” solar arrays already last about 40 years! ”

    Susan ;

    Please supply links to demonstrate that .

  • rich EE

    ” solar arrays already last about 40 years! ”

    Susan ;

    Please supply links to demonstrate that .

  • rich EE

    ” solar arrays already last about 40 years! ”

    Susan ;

    Please supply links to demonstrate that .

  • Susan Kraemer

    Sidewinder; under a PPA you just transfer remaining years of PPA agreement to new owner with the sale of the house.

    The new owner would keep likely prefer paying for the cheaper solar electricity, but optionally: the first owner can also buy out the system and take it with them.

    (Luckiest new owner would be the one buying at year 24: solar arrays already last about 40 years! So they would be buying a house with no electricity bills at all!)

  • Susan Kraemer

    Sidewinder; under a PPA you just transfer remaining years of PPA agreement to new owner with the sale of the house.

    The new owner would keep likely prefer paying for the cheaper solar electricity, but optionally: the first owner can also buy out the system and take it with them.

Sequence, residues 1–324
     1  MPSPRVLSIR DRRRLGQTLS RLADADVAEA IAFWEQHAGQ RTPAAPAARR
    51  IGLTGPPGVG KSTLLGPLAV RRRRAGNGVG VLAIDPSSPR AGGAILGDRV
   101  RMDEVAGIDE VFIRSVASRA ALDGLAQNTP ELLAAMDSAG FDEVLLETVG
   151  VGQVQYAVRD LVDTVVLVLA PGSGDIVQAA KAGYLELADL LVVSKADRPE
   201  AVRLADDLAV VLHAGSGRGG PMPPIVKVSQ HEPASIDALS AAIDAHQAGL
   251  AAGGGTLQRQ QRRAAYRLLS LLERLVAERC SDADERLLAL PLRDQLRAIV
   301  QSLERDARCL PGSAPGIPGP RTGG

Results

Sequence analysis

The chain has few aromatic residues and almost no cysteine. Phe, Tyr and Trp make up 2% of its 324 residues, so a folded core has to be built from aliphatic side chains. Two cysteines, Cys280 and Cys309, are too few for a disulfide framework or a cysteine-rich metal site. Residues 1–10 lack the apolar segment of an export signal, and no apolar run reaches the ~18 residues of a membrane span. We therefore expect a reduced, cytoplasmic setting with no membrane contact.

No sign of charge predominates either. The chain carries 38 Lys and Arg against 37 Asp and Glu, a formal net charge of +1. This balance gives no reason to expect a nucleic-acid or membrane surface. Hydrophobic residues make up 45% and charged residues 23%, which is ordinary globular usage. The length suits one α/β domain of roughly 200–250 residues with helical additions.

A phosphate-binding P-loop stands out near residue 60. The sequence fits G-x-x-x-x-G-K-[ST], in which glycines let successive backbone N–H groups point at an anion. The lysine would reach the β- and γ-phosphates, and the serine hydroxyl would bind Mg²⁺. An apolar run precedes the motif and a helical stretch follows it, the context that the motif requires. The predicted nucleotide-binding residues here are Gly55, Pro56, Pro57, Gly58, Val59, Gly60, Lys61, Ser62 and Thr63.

(Luckiest new owner would be the one buying at year 24: solar arrays already last about 40 years! So they would be buying a house with no electricity bills at all!)

  • Susan Kraemer

    Sidewinder; under a PPA you just transfer remaining years of PPA agreement to new owner with the sale of the house.

    The new owner would keep likely prefer paying for the cheaper solar electricity, but optionally: the first owner can also buy out the system and take it with them.

    (Luckiest new owner would be the one buying at year 24: solar arrays already last about 40 years! So they would be buying a house with no electricity bills at all!)

  • Susan Kraemer

    Sidewinder; under a PPA you just transfer remaining years of PPA agreement to new owner with the sale of the house.

    The new owner would keep likely prefer paying for the cheaper solar electricity, but optionally: the first owner can also buy out the system and take it with them.

    (Luckiest new owner would be the one buying at year 24: solar arrays already last about 40 years! So they would be buying a house with no electricity bills at all!)

  • Susan Kraemer

    Sidewinder; under a PPA you just transfer remaining years of PPA agreement to new owner with the sale of the house.

    The new owner would keep likely prefer paying for the cheaper solar electricity, but optionally: the first owner can also buy out the system and take it with them.

    (Luckiest new owner would be the one buying at year 24: solar arrays already last about 40 years! So they would be buying a house with no electricity bills at all!)